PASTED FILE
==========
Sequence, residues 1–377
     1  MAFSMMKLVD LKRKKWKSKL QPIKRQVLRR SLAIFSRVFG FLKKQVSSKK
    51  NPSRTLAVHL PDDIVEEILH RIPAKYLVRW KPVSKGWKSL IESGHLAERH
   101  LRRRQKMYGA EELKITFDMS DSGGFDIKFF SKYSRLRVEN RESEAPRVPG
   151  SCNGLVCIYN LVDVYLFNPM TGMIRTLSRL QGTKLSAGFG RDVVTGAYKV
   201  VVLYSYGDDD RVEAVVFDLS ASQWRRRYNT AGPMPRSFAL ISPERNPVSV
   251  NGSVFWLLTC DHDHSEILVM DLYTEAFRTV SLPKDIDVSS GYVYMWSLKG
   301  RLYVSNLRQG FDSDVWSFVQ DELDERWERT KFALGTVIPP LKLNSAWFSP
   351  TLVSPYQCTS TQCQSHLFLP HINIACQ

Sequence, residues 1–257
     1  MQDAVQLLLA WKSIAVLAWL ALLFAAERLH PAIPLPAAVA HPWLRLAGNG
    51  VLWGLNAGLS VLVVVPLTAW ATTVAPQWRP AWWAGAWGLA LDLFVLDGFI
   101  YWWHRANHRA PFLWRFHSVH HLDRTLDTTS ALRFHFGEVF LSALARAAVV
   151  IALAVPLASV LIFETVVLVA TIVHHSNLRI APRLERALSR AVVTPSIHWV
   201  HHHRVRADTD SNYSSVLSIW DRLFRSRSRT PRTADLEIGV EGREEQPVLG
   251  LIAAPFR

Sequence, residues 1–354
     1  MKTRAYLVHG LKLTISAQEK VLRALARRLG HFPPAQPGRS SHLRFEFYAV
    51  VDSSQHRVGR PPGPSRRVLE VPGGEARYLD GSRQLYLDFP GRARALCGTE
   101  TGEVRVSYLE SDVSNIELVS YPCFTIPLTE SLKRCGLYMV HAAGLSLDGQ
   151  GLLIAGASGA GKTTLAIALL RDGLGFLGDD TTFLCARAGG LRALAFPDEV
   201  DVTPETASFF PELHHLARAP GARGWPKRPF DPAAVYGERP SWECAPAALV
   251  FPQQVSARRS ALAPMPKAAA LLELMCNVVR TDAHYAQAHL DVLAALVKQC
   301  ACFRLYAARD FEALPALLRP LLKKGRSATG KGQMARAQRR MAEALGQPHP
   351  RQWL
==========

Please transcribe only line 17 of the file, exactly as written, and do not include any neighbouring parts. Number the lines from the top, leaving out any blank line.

Sequence, residues 1–354